Believe it or not, cell phones may not be the leading cause of accidents and fatalities resulting from distracted driving accidents.
You’ve heard about the dangers of using your phone while driving.
But while it’s the leading cause of accidents and fatalities as far as driving distracted goes, it’s far from the only cause.
Other Driving Distractions That Present a Serious Risk of Causing an Accident or Fatality
Having a Conversation or Listening to Music
No joke here. This seems so routine that you don’t even think about it when driving.
But technically, having conversations and listening to music does take your focus off the road.
Your focus on driving falls around 40%.
While you think you can multitask, no person’s brain is designed to do so.
“People can’t multitask very well, and when people say they can, they’re deluding themselves,” said neuroscientist Earl Miller regarding his study discussed at National Public Radio.
Truthfully, you can only rapidly switch your attention, he found. You actually cannot focus on multiple things at once, no matter how much you may tell yourself you can.
Combing and Styling Your Hair While Driving
Harris Poll conducted an online survey among adults ages 18 and older.
Combing and styling hair was tied for the most common distraction, with 15% of those surveyed admitting to it.
Guess what driving distraction it was tied with…
Nope. It wasn’t phone use.
It was actually public displays of affection.
I’m not kidding here! That’s what the survey actually found.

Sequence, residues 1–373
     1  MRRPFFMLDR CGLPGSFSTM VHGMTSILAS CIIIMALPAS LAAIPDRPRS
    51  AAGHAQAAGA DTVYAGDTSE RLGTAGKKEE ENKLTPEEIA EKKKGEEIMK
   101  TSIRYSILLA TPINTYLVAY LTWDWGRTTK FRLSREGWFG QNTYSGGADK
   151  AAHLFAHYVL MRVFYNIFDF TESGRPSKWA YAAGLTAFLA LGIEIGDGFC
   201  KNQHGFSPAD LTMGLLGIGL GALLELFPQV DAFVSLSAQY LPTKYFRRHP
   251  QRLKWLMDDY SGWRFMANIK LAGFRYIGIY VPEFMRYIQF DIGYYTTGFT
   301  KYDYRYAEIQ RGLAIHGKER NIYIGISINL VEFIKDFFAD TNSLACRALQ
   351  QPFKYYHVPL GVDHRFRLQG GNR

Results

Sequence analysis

This is a tough driving distraction because you don’t have control over what the other people in your car do.
Parents, unfortunately, have their attention taken off the road for 3 ½ minutes during a 16-minute car ride.
Those passengers aren’t always human, either. 90% of pet owners travel with their pets and 8% of pet owners admit to letting their pet sit on their lap, according to data quoted by the New York Times.
Shifting attention back to people, a teen’s risk of a fatal car accident increases by 44% when they have someone under 21 as a passenger.
However, the risk of a teen driver dying in an accident falls 62% when they have an adult age 35 or over with them.
Lost in Thought
Believe it or not, this may be the leading cause of distracted driving accidents and fatalities.
Yep. It may not actually be cell phone use or texting while driving, dangerous as each may be.
The simple act of your mind wandering may lead to 62% of distracted driving collisions.
The bottom line is that anything which takes your thinking off the road and other drivers increases your chances of an accident or fatality.
Joseph R. Morrison is the Senior Associate Attorney at Mullen & Mullen Law Firm in Dallas, TX, where he represents people personally injured due to the negligence of others. He was recognized by VerdictSearch for obtaining a Top 5 Premises Liability verdict in the State of Texas, and has been quoted in the ABA Journal.